Glenlyon Norfolk School students hopping to action
After last year’s success of the inaugural Bunny Bags program, the Seed Ladies are back with some new recruits.
The students of Glenlyon Norfolk School’s Student Voice program will be helping Seed Ladies co-founder Shannon Phillips.
The Seed Ladies – who aim to bring awareness to poverty in the community and support The Mustard Seed Food Bank – launched Bunny Bags, treat bags filled with candy and a stuffed animal, in 2012, collecting and distributing more than 300 bags.
“Last year I approached the Mustard Seed about it because it had occurred to me they probably don’t have anything like that for the kids when they come in at Easter,” she said.
With an opportunity available, Phillips began collecting stuffed animals, chocolates and any other Easter-related treats.
Being the mother of daughters attending Glenlyon, Phillips contacted those she knew at the school, collecting nearly 90 per cent of the bags’ contents from the school.
“This year I’m doing it a bit differently,” she said. “The students are going to do a stuffy drive for the bags, and I’m going to collect the chocolates and probably more stuffys as well.”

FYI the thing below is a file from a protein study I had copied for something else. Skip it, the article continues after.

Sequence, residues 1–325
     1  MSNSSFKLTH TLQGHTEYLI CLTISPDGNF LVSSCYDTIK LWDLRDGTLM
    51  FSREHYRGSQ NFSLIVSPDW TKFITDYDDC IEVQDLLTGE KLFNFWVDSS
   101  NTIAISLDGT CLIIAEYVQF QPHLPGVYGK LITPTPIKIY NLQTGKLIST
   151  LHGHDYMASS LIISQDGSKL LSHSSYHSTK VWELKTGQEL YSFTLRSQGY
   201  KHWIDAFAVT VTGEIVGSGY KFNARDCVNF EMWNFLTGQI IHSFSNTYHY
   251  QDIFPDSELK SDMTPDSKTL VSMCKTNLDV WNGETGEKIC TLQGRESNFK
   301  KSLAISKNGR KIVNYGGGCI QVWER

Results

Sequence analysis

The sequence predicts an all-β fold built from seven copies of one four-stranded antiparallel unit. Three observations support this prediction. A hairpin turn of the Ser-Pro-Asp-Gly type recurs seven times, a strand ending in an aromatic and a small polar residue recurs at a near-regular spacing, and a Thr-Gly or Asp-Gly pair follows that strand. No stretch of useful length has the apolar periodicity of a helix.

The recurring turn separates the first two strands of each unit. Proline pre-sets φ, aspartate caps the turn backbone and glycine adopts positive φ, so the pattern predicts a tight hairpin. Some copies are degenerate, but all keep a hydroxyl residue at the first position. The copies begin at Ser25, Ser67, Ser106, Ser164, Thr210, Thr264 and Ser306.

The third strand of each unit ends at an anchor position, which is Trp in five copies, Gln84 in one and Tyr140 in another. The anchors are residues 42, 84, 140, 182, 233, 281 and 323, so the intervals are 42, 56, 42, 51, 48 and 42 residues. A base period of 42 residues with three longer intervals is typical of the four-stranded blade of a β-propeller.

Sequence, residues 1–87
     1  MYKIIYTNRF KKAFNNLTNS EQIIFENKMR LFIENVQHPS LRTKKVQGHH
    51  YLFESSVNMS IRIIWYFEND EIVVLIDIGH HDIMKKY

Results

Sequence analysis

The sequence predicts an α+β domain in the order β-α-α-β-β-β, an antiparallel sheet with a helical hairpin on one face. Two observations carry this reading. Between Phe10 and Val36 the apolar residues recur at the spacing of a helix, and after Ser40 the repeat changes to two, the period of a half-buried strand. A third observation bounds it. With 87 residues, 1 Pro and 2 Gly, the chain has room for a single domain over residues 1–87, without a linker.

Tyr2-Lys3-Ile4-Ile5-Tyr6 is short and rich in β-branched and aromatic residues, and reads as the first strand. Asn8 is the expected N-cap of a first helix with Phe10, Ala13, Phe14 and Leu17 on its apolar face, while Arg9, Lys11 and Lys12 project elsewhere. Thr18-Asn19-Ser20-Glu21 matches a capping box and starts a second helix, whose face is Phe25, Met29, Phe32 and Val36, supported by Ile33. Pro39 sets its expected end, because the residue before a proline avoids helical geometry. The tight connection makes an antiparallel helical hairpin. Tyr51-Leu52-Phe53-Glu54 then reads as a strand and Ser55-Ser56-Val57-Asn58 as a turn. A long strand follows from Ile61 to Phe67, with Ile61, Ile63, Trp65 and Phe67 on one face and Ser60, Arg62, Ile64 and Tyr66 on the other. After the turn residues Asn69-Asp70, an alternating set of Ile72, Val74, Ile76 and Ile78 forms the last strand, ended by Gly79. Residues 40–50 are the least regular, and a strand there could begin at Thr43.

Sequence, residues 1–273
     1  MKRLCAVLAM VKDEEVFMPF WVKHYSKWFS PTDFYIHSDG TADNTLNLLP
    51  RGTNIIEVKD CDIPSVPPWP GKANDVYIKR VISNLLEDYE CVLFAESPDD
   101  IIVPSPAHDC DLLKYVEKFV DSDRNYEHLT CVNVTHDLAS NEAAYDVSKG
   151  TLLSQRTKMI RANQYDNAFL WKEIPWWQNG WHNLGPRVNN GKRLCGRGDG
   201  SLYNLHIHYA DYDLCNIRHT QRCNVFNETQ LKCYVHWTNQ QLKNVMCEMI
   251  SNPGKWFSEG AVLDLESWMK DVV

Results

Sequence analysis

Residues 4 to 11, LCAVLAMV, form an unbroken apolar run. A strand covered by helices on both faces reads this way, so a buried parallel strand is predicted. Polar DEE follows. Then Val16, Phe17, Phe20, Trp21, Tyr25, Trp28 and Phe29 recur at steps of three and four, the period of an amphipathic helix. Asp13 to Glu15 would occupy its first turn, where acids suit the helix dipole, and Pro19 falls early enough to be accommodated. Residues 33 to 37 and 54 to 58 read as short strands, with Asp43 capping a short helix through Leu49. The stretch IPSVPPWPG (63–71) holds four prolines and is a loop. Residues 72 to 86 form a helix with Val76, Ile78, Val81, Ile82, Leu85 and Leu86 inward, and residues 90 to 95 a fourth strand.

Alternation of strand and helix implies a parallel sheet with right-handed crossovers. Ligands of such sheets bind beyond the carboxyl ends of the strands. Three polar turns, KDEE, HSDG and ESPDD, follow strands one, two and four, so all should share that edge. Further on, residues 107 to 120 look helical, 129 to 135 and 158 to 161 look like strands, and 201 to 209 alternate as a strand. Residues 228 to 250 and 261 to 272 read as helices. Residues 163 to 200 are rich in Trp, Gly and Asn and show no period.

Another variation on last year’s model is that Phillips will be delivering the Bunny Bags to the Mustard Seed at the beginning of March instead of at Easter, because most parents come in earlier in the month.
“It’s kind of pushed things up for me, which is hard because a lot of the stores don’t have their Easter stuff out yet and a lot of people aren’t really thinking about Easter,” she said.
Donations are needed for the bags. If you’d like to donate, contact Phillips by email at email@example.com or visit the Seed Ladies’ website at seedladies.com.
Oak Bay hops to help Mustard Seed
Shannon Phillips’ living room looks like the inside of an Easter basket, complete with stuffed toys and chocolatey goodness.
The Oak Bay resident has been collecting Easter goodies from within her community that will be distributed to children whose parents rely on the Mustard Seed Food Bank for help.
Of the 300 goodie bags that Phillips is hoping to assemble, 190 are ready to go. Phillips is hopeful more people will come forward with chocolate donations so that more children will wake up to Easter treats on April 8.
“My kids are five and seven and Easter is a huge, huge deal,” she said. “The Easter Bunny leaves eggs in the yard, and there’s always a toy.”
When Phillips contacted the Mustard Seed in January with an offer of help, Fran Kitson, told her the church’s Bunny Bags program needed support.
Through that initiative, Easter supplies are collected and then distributed to families with children.
“We’re not just a food bank,” said Kitson, Mustard Seed advocacy co-ordinator. “We are a church that ministers to the whole person and try and meet the need that they have for whatever reason they are coming.”
More and more families are coming through their door for support, particularly the working poor.
“They need more than food when they come for food,” Kitson said, adding clients may need everything from counselling to a birthday cake.”